The Wisconsin Institute for Law & Liberty (WILL) filed a lawsuit in Jefferson County Circuit Court this week alleging that the Wisconsin Higher Educational Aids Board (HEAB)was breaking the law when it gave scholarships targeted at students of certain races.
The minority grant program, established in 1985, targets student aid at students who are Black, Hispanic, Native American and immigrants or descendants of immigrants from Laos, Vietnam or Cambodia following the end of the Vietnam War in 1975. Students receive between $250 and $2,500 in aid. The program goes to students in Wisconsin’s technical colleges, private universities and tribal colleges. The UW System operates a similar program for its students.
The state also provides aid to nursing students, teaching students, hearing/visually impaired students and veterans.
The plaintiffs in the WILL lawsuit, a Thai woman and white man from Madison with a teenage son, allege that this program constitutes racial discrimination against white students, African immigrants and Asian students from countries other than Laos, Vietnam and Cambodia.
“The Wisconsin Constitution guarantees equality under the law, beginning as follows: ‘All people are born equally free and independent,’” the lawsuit states. “Yet the State of Wisconsin ignores this basic guarantee of equal rights by using taxpayer funds to discriminate against college students based on race, national origin, and alienage.”
The HEAB’s 2019 annual report on the program shows that 80% of grant recipients were either still in school or had received a degree or certificate. Most of the students who received money from the program in the 2018-19 school year attended Milwaukee Technical College.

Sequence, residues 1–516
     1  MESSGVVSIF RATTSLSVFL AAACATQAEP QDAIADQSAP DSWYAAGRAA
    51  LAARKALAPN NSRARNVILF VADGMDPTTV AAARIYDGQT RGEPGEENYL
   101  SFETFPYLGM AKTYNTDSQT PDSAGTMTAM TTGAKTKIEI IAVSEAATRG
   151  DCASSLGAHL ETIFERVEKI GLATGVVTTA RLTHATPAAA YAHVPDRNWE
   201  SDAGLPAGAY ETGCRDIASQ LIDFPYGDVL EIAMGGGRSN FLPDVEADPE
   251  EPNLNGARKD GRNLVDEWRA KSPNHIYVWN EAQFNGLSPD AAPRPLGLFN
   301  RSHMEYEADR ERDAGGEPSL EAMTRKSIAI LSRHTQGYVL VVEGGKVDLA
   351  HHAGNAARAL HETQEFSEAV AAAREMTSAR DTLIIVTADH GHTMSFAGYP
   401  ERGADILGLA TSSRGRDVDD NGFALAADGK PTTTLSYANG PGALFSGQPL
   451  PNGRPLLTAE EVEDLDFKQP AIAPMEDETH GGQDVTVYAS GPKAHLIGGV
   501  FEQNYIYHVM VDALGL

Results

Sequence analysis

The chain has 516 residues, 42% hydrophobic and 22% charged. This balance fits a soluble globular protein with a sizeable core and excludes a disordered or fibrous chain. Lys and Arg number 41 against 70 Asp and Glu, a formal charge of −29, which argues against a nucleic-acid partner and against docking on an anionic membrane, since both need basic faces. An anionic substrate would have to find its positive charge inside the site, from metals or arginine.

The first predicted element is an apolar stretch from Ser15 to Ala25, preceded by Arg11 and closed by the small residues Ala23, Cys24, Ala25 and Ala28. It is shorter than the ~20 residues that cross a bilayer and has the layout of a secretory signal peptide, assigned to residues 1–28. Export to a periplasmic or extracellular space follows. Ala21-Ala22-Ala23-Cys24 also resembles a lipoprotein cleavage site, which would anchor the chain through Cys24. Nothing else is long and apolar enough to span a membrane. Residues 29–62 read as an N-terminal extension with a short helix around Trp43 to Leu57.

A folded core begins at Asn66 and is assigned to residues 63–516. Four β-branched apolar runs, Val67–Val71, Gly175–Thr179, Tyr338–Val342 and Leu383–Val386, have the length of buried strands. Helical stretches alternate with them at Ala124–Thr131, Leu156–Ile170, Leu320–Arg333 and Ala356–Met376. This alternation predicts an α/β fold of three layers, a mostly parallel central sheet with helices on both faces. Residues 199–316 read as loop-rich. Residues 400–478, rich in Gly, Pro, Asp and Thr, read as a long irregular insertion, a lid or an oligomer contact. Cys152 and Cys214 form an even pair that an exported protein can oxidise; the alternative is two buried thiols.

“Without this grant, I would not be able to afford school. I’ve gotten awesome grades, learned so much, and I’m so close to my dream as a nurse,” a Cardinal Stritch University student says in the report. “This grant makes it financially possible for me to complete school.”
The report highlights how the program helps minority students access opportunities they otherwise wouldn’t have had.
“Receiving the Minority Undergraduate Retention Grant was important to me because I really wanted to finish school to further my career,” a Milwaukee Area Technical College student said in the report. “As a single mother, I put my education on hold to care for [my children] and, in turn, I still had a lot of loans to pay back. This grant assisted in me completing my financial obligations that tie with furthering my education and limited the need for me to add to the loans I already owe. It was an honor and privilege to be able to utilize this grant for my educational goals.”
The suit is seeking an order from the court that the program is unconstitutional and an injunction against race-based qualifications in student aid from the state.
The U.S. Supreme Court has generally ruled that policy makers are allowed to target policies at certain races to remedy the effects of past discrimination — such as affirmative action programs — as long as those policies don’t include specific racial quotas.
The WILL lawsuit echoes efforts made by a conservative group in federal court to end affirmative action. That group’s lawsuit — currently in front of the U.S. Supreme Court — alleges that Harvard University discriminates against Asian students in its admissions process.